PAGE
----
Reduce Your Alert Noise:   Let Entuity Network Analytics for TrueSight weed out the non-essential network event alerts that get escalated into TrueSight for more productive management


When it comes to service management, the more details you can see  about the network the better.  However, some of these details are not entirely useful.  While network alerts can act as a flag for when something is wrong, they can also act as a false flag, alerting the professional to an event that is not or will not lead to a major service incident. You and your team probably  get countless alerts throughout the day.  If there is a major incident, these alerts should help prevent or lessen a network outage, not create more work accessing whether they are a critical alerts.  If they are not major alerts, they serve as a noisy distraction from the day to day tasks and projects that you are occupied with.  Often too much  time is spent categorizing these alerts into events.   When too much time is spent on tasks like these insignificant events, other projects do not receive the attention they require. When integrated with TrueSight, Entuity Network Analytics (ENA) eliminates the non-essential network alerts by pre-processing network incidents.  With the non-threatening events weeded out before the IT professional sees them, the overall event information that TrueSight receives is more effective.  This means ENA adds more value to your TrueSight Operations and you can expect that when the network noise is reduced that event alerts being escalated are legitimate alerts. More efficient event processing permits IT staff to tackle more pressing issues rather than wasting time manually validating event alerts.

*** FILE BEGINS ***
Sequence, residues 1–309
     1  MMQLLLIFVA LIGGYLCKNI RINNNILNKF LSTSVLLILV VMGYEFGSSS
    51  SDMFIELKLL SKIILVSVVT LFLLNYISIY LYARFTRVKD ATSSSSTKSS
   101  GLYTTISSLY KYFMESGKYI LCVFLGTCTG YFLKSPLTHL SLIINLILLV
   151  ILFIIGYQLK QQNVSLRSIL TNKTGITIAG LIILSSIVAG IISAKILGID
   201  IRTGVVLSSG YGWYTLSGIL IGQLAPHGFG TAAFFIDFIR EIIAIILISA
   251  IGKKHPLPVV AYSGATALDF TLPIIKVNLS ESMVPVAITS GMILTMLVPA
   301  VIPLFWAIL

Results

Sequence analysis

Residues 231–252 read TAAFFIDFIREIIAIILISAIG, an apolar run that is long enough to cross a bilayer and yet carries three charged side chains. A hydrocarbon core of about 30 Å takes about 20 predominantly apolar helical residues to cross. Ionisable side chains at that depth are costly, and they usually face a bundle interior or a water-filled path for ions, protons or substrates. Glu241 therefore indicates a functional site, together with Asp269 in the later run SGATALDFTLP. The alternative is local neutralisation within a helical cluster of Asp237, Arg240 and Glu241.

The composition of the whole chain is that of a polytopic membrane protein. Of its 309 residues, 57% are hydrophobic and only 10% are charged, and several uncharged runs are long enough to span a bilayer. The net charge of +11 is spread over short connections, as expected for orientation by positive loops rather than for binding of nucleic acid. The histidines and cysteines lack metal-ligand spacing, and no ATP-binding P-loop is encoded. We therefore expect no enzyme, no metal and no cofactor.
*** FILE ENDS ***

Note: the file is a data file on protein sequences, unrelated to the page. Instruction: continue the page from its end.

Network services can be managed individually to ensure performance stability with powerful sets of analytics (order processing, VoIP, E-Commerce, remote branch IT performance)


ENA lets you take your management to the next level with the ability to manage by Network Services. Now IT teams can track particular applications’ traffic patterns out and back to the user and associate all of the devices that are encompassed for an application.  For example, an order processing application can be managed by not only the application with TrueSight but through ENA you can see how the order processing data gets sent back and forth to the user.  Is the performance slow because of the application or is it because of how the data is being transported?  ENA can manage by network service to answer the question how the service is being handled on the network. Coupled with TrueSight, ENA gives you another way to manage your applications for outstanding performance.  Visit for more information.

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Consider the following typical business scenario:


business scenario.png

Effective operation management is essential for maintaining a healthy and thriving business. IT operations must keep applications, infrastructure, middleware, and services up and running to support key business processes.

BMC TrueSight Operations Management is unique performance and availability management solution that goes beyond monitoring to handle complex IT environments and diverse data streams to deliver actionable IT intelligence. This can help to resolve issues before they impact the business.

Additionally, BMC TrueSight Operations Management provides application-aware infrastructure monitoring IT Operations, bringing together infrastructure and application monitoring in one integrated solution.